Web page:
The publications associated with the A&A Special Issue can be accessed at:

The press release issued by A&A regarding the special issue can be found here:

All publications associated with this press release are as follows:

1. Smolčić et al., accepted for publication in A&A, ‘The VLA-COSMOS 3 GHz Large Project: Continuum data and source catalog release’

2. Smolčić et al., accepted for publication in A&A, ‘The VLA-COSMOS 3 GHz Large Project: Multiwavelength counterparts and the composition of the faint radio population’

3. Delvecchio et al., accepted for publication in A&A, ‘The VLA-COSMOS 3 GHz Large Project: AGN and host-galaxy properties out to z<6’

4. Delhaize et al., accepted for publication in A&A, ‘The VLA-COSMOS 3 GHz Large Project: The infrared-radio correlation of star-forming galaxies and AGN to z<6’

5. Novak et al., accepted for publication in A&A, ‘The VLA-COSMOS 3 GHz Large Project: The cosmic star-formation history since z~5’ 

6. Smolčić et al., accepted for publication in A&A, ‘The VLA-COSMOS 3 GHz Large Project: Cosmic evolution of radio AGN and implications for radio-mode feedback since z~5’

7. Novak et al. 2015, MNRAS, 447, 1282, ‘New insights from deep VLA data on the potentially recoiling black hole CID-42 in the COSMOS field.’

8. Miettinen et al. 2015, A&A, 584, 32, ‘(Sub)millimetre interferometric imaging of a sample of COSMOS/AzTEC submillimetre galaxies. II. The spatial extent of the radio-emitting regions.’

9. Miettinen et al. 2017, accepted for publication in A&A, ‘An ALMA survey of submillimetre galaxies in the COSMOS field: The extent of the radio-emitting region revealed by 3 GHz imaging with the Very Large Array.’



All images and photos can be accessed from


Visit the COSMOS Survey You Tube channel and watch the playlist containing all the following videos.

(Seen at top of page)

  • The sizes of submillimetre galaxies revealed by radio imaging with the Very Large Array – by Oskari Miettinen:


Additional images


RG_extended_VardoulakiImage 3. Various large galaxies detected in the VLA-COSMOS 3 GHz Large Project, shown in false colour. In green are galaxies as seen in the near-infrared with the UltraVISTA survey. Large jets and rings are revealed in the radio images, which are shown in red. Image construction: Eleni Vardoulaki and Eric Faustino Jimenez-Andrade.



Image 4. Twenty galaxies in the COSMOS field with spectacular shapes at radio wavelengths. In the background are near-infrared images from the UltraVISTA survey, shown in white. Overlaid in a false red/yellow color scale are 3 GHz radio images of the same patch of sky. Huge structures can be seen in the radio. Image composition: Mladen Novak.


Further information

VLA-COSMOS 3GHz Large Project

• Frequency: 3GHz, wavelength: 10cm
• Survey time: 384 hours
• Sensitivity: 1σ ~ 2 μJy/beam
• Angular resolution: 0.75 arcseconds
• Sky area: 2 square degrees


More information on the Cosmic Evolution Survey (COSMOS) and international team can be found at


The Karl G. Jansky Very Large Array in New Mexico, USA, is operated by the National Radio Astronomy Observatory (NRAO). The NRAO is a facility of the National Science Foundation operated under cooperative agreement by Associated Universities, Inc.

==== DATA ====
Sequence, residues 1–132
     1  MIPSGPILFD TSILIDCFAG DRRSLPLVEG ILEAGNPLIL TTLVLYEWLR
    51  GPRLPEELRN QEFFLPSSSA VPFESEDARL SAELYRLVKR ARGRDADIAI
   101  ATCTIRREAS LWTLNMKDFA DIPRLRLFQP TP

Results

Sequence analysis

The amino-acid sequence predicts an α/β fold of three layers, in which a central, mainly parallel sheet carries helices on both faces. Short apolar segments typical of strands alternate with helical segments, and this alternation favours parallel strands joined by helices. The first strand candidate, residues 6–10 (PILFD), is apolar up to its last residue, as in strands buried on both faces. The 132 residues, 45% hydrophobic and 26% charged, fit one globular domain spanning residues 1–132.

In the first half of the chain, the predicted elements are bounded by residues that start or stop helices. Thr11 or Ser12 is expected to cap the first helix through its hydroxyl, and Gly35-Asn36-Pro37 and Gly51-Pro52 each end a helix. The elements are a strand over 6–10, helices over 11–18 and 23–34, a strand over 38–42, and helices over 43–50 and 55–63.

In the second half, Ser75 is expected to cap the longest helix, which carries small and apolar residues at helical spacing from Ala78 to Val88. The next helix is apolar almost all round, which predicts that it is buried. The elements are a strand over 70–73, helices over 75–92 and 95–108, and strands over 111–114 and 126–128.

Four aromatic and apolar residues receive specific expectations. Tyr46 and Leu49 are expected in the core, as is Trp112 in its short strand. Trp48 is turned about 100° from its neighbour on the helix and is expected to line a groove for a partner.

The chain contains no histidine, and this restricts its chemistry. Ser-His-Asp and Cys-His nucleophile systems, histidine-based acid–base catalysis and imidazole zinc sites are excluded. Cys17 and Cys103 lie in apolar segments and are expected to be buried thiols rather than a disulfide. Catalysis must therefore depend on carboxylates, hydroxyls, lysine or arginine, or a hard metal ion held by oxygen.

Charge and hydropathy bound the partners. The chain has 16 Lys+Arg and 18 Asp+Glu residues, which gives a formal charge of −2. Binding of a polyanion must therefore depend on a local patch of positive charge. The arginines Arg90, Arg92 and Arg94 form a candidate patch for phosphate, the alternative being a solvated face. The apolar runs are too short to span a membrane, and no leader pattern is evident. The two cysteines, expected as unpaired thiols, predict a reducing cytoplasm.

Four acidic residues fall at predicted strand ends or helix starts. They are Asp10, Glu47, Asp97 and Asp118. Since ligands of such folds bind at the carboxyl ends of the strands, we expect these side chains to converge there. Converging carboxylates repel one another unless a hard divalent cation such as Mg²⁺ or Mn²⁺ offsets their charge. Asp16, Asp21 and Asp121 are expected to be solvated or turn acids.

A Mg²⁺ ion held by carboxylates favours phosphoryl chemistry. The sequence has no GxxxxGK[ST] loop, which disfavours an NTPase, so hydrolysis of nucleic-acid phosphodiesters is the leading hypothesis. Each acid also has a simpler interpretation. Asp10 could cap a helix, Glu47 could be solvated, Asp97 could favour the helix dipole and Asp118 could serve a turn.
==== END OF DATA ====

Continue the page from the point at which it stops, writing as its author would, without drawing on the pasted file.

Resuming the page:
Other data used

• Optical data from the National Astronomical Observatory of Japan’s (NAOJ) Subaru telescope
• Near-infrared data from the UltraVISTA survey with the European Southern Observatory’s (ESO) VISTA telescope
• Mid-infrared data from the National Aeronautics and Space Administration’s (NASA) Spitzer Space Telescope
• Far-infrared/submillimeter data from the European Space Agency’s (ESA) Herschel Space Observatory
• Millimeter data from the Atacama Large Millimeter/submillimeter Array (ALMA)
• X-ray data from NASA’s Chandra satellite

Lead authors of publications

Department of Physics, Faculty of Science, University of Zagreb, Croatia
ZGal group:

VLACOSMOS_first_author_photos_contacts(Click to enlarge)

ZGal_teamPhoto: University of Zagreb ‘ZGal’ research group. Left to right: Krešimir Tisanić (PhD student), Ivan Delvecchio (Postdoctoral researcher), Lana Ceraj (PhD student), Vernesa Smolčić (Associate Professor), Oskari Miettinen (Postdoctoral researcher), Mladen Novak (PhD student), Jacinta Delhaize (Postdoctoral researcher). Photo by Petar Krajačić Vilović.


International team


VLA-COSMOS_European_core_teamPhoto: Meeting of COSMOS-VLA European core team, Max Planck Institute for Astronomy, Heidelberg, March 2017.

The COSMOS-VLA team includes researchers from the following institutes:
• University of Zagreb, Croatia
• University of Bonn, Germany
• Max Planck Institute for Astronomy, Germany
• University of Sussex, UK
• Institute for Radio Astronomy, Italy
• INAF, Astronomical Observatory of Bologna, Italy
• National Radio Astronomy Observatory, USA

Contact details for team representatives at these institutes are given below (click image to enlarge).



ERC Starting Grant project (‘CoSMass’): Constraining Stellar Mass and Supermassive Black Hole Growth through Cosmic Times: Paving the way for the next generation sky surveys (European Union’s Seventh Framework program under grant agreement 337595)

CIG project (‘AGN feedback’): Constraining AGN feedback through cosmic times: Paving the way for the next generation radio facilities (European Union’s Seventh Framework program under grant agreement 333654)

Deutsche Foschungsgemeinschaft (DFG): grant BE 1837/13-1 (‘The Cosmic Evolution of Black Hole and Stellar Mass Growth Probed Through Radio Observations’) and Collaborative Research Council 956 (“Conditions and Impact of Star Formation”) sub-project A1.